Category Archives: Long-Term Philanthropy

Valuing the Future: Discount Rates in Philanthropy

One of the most basic financial tools is the concept of present value. The present value concept simply assumes that value received in the future is worth less than the same value received today. You can see this dynamic working if you think about whether you would rather be given $100 today or be given […]

Builders, Buyers & the Social Innovation Fund

On Friday afternoon, Nathaniel Whittemore of the Social Entrepreneurship blog sent me an email questioning the enthusiasm in my recent post about the Social Innovation Fund (SIF). Nathaniel is someone whose opinion I greatly respect and his points of contention were very valid. So I sent him back a detailed response, which (with his permission) […]

Forces for Good Author Weighs In

Heather McLeod Grant, one of the authors of Forces for Good, has weighed in on the debate with a thoughtful comment that I present an abbreviated version of below. You can read the full comment here. By Heather McLeod Grant Sean, Thanks for referencing our book, Forces for Good, as an example of both high-performing […]

What Causes Systemic Change?

I got an email from a reader in regards to the posts I’ve been trading with Paul Brest. The reader suggested that some major funders believe that systemic change does not come from funding individual nonprofits and that it can only come through more comprehensive foundation programs. I’m sympathetic to this point, but I believe […]

Philanthropy’s Response to the Financial Crisis

A few weeks ago, I asked how philanthropy can emerge from the financial crisis better positioned to face the future. It turns out that Alliance magazine, one of the best philanthropy focused periodicals, asked their editorial board the same question. So the editor of Alliance sent me her board’s answers to the question with permission […]

Philanthrocapitalism & Consilience in Philanthropy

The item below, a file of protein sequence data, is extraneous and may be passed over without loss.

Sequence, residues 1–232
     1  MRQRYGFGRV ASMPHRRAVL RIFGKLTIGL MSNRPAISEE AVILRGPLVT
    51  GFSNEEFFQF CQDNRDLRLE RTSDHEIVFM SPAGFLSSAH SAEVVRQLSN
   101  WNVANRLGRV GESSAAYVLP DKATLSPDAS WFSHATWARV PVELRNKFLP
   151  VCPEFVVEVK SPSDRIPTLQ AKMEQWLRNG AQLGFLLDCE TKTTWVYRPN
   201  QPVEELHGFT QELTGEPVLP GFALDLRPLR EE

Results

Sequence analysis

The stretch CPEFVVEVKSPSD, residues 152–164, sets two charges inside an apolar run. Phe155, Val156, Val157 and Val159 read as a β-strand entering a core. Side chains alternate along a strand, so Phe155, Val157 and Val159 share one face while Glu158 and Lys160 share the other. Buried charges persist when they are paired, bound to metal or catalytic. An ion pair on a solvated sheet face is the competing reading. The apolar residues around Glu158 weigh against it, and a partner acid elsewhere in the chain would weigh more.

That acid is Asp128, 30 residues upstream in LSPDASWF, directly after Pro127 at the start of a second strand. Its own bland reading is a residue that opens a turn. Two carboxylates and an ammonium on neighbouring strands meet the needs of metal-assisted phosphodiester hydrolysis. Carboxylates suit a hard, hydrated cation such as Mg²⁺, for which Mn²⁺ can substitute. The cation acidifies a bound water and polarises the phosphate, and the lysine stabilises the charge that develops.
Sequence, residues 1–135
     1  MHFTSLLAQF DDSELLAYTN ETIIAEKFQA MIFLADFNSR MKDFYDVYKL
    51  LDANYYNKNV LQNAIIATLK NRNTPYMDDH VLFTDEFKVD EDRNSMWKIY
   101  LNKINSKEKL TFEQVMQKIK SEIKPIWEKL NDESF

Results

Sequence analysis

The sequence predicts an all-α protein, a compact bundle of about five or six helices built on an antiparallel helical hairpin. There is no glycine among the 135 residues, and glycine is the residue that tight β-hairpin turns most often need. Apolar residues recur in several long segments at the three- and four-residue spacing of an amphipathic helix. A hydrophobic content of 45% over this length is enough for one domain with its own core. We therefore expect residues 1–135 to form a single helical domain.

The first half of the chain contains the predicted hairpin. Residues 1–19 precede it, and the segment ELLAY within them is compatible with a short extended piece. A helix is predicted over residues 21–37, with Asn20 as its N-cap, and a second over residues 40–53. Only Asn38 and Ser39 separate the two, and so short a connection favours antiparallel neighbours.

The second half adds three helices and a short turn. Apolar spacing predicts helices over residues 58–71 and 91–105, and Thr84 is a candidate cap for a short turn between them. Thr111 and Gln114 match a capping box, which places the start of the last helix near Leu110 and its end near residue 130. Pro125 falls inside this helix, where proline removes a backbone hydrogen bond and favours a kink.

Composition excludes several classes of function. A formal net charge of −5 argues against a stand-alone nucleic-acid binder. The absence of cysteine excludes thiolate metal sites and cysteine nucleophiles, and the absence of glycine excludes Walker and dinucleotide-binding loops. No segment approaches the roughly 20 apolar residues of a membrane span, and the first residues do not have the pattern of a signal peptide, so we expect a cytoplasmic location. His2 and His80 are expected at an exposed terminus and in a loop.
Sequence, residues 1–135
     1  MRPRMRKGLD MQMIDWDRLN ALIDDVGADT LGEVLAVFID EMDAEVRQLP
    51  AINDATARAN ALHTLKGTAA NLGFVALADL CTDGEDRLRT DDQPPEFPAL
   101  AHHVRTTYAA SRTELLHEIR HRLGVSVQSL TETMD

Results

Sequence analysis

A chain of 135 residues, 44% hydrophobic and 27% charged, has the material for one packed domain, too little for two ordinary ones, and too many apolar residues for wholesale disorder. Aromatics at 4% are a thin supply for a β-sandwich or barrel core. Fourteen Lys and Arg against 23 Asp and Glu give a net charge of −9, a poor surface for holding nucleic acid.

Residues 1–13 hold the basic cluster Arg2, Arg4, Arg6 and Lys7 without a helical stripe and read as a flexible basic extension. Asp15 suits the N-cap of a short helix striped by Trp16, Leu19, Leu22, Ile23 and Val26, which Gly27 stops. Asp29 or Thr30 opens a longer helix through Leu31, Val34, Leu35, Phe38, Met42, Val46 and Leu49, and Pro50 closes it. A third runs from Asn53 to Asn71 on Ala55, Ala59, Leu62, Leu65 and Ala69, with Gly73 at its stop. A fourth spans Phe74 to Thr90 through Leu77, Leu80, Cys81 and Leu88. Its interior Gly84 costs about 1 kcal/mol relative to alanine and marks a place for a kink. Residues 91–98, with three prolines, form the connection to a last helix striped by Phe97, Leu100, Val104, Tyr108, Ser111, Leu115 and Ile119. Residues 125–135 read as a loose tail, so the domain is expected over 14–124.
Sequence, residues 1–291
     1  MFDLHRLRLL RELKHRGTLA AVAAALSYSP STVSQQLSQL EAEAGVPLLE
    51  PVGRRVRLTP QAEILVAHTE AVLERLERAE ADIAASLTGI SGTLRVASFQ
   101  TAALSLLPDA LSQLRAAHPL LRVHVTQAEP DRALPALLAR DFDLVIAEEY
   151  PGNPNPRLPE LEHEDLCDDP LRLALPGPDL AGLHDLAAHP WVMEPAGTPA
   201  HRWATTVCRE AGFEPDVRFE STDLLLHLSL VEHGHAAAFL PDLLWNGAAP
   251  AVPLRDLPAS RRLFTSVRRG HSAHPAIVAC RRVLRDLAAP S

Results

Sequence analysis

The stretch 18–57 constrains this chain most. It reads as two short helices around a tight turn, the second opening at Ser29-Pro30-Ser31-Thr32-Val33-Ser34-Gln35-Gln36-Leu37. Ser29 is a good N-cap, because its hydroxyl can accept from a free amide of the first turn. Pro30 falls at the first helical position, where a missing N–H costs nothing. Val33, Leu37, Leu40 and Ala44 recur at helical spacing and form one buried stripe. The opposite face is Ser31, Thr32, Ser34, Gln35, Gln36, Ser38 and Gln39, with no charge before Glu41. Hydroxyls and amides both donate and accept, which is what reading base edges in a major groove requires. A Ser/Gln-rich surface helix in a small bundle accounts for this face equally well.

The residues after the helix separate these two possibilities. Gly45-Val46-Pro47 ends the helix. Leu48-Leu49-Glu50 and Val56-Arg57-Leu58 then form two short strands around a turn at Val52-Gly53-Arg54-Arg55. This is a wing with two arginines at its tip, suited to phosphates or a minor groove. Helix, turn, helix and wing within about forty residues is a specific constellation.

As a follow up to my post yesterday regarding the World Economic Forum and my personal views on “business thinking” in philanthropy, I’m reposting something I wrote for back in January: Consilience in PhilanthropyWednesday, January 16, 2008By: Sean Stannard-Stockton Have you ever heard someone say, “We need to get out of our silos and […]

Luis Ubinas in Alliance Magazine

In December, I’ll be speaking at the Yale School of Business philanthropy conference on the topic of Information Sharing in Philanthropy. I’ll be on a panel with the same subject matter at the Center for Effective Philanthropy conference in March of next year. So I was thrilled to see the interview with Ford Foundation president […]

Philanthropy: Spending Vs. Investing

One of the big shifts that is occurring in philanthropy is a change in the way donors perceive how charitable giving fits into their overall financial picture. The most fundamental aspect of this shift is a movement from seeing giving as a “spending category” to seeing it as an “investment category”. There are a number […]

Robert Wood Johnson & the Long-run

Referencing my post on short-term vs long-term focus in philanthropy, the Robert Wood Johnson Foundation asks for ideas via their blog: Last Friday, in his thoughtful blog, Tactical Philanthropy, Sean Stannard-Stockton, wrote about the often-missed opportunity philanthropies have to focus on the long run… On the Pioneer Portfolio, we’re interested in understanding those long-term trends, […]